First, if the universe is mental, it means that the creation of everything began with an act of mental projection. What other materials could the divine mind have used to create? Nothing else existed. This, it seems to me, is a mystery that is above our comprehension. It defies all laws that bind us because it is the source of those laws. And because it created those laws, it must exist outside them. Since it's impossible for us to function outside those laws, it exceeds our ability to understand. Every description of it is inadequate because we are trapped in time and space. That means that we have to use language that implies time and space, i.e. "outside", "create", function", etc. We have no other way of saying it or even thinking about it. It's impossible to describe something that "existed before time began" because the word "existed' implies space, and the word "before" implies time. And there was no time before time began. I have no idea what there was but there sure wasn't time. And if there was no time, there was no space because it takes time to travel across space. See what I mean? It can make you nutty. This is one of the functions of archetypes. In part, they are spiritual and psychological containers that convey to us the meaning of ideals that lie outside our rational minds. If you're a positivist, I'm sure that all this makes your blood pressure go up. But hey, it is what it is.
Second, what we can infer from the matrix of life that we witness around us is that the act of manifesting anything requires two forces, not one. The simplest example is the act of procreation. And as below, so above. So after that initial mental projection, two forces had to combine to manifest anything. The problem here is that creation began with "one", the divine mind. But if our observation is that "two" is required to bring something into being, where did the other "one" come from? How did "one" become "two"? Simple... kind of. Because we can't really understand how this happened, let's use the only language we have that's capable of giving us some idea of what's under the hood of the universe: mathematics. Don't break into a cold sweat. It's as simple as 1+1=2. Hang with me and I promise I'll get you there. All the "one" needs is a another "one" identical to itself. Remember that the first principle of The Kybalion states that "all is mind". Since the "one" is mind, it is alive and can therefore initiate action. So it contemplates itself, reflects its light, and casts its own shadow. Now we have two forces; one is the shadow, the "opposite", of the other. You can call them positive and negative, yin and yang, male and female, giving and receiving; hang it upon whatever framework you wish. If they taught math this way when I was in school, I would have paid more attention.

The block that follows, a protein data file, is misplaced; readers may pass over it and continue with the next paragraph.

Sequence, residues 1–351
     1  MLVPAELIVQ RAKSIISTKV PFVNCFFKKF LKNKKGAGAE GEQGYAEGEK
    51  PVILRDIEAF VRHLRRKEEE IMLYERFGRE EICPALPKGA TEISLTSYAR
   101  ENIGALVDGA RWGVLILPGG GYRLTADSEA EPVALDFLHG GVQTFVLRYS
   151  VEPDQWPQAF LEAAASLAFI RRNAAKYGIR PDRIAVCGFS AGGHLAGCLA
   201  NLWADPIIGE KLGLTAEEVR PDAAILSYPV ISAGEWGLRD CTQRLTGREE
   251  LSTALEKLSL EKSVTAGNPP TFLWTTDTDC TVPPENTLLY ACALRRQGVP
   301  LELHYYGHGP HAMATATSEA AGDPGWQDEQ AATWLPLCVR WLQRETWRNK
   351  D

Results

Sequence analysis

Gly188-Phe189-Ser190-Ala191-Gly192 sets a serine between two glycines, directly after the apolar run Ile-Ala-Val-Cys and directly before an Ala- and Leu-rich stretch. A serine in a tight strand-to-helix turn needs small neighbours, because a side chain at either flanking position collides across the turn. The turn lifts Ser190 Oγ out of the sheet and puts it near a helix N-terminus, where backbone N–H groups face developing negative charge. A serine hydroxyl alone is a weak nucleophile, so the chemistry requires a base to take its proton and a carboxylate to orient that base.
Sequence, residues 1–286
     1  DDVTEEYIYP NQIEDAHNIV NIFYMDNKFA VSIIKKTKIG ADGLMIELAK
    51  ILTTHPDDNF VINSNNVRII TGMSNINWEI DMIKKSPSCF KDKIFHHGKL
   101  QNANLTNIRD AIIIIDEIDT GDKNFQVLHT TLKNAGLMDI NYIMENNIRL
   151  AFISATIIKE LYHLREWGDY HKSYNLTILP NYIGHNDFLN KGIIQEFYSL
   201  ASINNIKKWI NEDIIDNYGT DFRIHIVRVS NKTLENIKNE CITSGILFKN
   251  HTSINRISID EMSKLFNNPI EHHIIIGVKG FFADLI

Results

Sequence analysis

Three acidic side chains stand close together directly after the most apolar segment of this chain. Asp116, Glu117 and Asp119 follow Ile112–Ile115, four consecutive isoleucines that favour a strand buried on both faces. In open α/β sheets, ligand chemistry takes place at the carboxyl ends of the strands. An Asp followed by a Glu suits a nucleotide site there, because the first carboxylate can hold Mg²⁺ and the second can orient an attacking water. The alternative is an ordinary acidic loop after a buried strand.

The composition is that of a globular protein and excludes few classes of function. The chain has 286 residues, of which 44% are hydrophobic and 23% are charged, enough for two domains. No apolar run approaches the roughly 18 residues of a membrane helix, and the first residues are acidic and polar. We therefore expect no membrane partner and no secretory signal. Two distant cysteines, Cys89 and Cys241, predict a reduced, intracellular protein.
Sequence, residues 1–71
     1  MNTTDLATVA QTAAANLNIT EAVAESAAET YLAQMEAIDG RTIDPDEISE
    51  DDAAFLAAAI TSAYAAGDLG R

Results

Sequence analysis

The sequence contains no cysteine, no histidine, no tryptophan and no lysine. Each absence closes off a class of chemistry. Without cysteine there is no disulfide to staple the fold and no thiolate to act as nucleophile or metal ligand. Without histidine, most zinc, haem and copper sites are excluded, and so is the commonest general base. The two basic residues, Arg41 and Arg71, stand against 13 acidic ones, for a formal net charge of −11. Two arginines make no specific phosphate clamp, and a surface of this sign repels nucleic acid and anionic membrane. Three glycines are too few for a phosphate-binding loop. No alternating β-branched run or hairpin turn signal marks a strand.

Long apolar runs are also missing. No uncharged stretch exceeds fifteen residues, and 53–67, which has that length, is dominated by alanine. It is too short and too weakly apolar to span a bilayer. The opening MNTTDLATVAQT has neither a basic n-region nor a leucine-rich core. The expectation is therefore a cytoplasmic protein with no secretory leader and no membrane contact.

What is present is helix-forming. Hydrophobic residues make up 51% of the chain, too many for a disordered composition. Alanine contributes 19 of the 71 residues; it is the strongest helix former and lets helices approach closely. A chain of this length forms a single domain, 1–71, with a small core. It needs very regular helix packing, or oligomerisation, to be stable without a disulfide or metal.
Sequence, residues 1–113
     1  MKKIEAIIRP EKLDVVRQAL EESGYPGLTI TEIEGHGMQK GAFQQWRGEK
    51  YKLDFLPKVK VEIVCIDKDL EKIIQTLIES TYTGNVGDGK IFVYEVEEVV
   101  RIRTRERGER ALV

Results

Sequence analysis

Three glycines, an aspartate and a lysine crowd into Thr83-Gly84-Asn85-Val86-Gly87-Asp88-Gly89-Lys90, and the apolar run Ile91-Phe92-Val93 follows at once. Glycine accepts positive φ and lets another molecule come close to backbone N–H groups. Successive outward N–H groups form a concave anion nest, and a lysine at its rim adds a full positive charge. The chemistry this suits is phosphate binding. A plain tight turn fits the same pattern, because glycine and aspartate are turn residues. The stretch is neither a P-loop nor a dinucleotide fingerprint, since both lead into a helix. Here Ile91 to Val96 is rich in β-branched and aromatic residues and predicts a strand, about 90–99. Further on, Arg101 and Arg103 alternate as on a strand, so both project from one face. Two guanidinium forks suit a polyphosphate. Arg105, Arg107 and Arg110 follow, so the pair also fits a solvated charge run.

So what makes me think I'm right about this? Why do I think this is the way the universe works? Because I can count. And because I can observe the general function of life around me and then apply the law "as below, so above". Again looking at the way human life is created, we see that both male (positive, giving, yang) and female (negative, receiving, yin) energies are required. Take this further and consider the way we live our lives. Our entire existence revolves around the interaction of these two forces. We engage in a period of activity (positive) followed by a period of rest (negative). We wake and then we sleep. We're happy and then we're sad. We're creative and then we're stuck. It also makes me think about the nature of human beings and the nature of the universe itself. Since we sleep does that mean the universe itself also has periods of rest followed by periods of intense activity? And are we intimately connected to that? Does human nature, like human activity, have sudden growth spurts followed by periods of stagnation? Does our species, technology aside, naturally experience periods of intense awakening and creativity corresponding with the activities of the larger universe? Maybe that's what the Renaissance represented. During that period we were lifted out of the darkness of the Middle Ages and catapulted into modern history. What began as a cultural movement in 14th century Italy eventually spread to the whole of Europe, affecting every aspect of life. Maybe this is how real revolutions happen. Somehow we are awakened from our cyclical sleep and we take a leap forward only to sleep again as a part of a grander operation. If our activity is really connected to the rhythms of the universe maybe we should consider thinking about astrology in a different way.
Where's The Beef?
Now that you've stuck it out and your brain has been bent into a pretzel, let's come back to the creative process. The process by which art is made is both mental and physical, so these laws must apply. Any artist knows that creativity happens in spurts. And we're frustrated by that. But if that's the way of the entire universe then why should we be any different? And that's what we experience in our lives, isn't it? Things go along swimmingly and then all of a sudden the shit hits the fan. Births and deaths happen in threes. You have an unexpected inflow of money followed by an unexpected expense. We have periods of great happiness only to be frustrated by its impermanence. So what's the trick? How do we survive this without going insane or engaging in some form of escapism, whether it’s shopping or drinking or video games or whatever?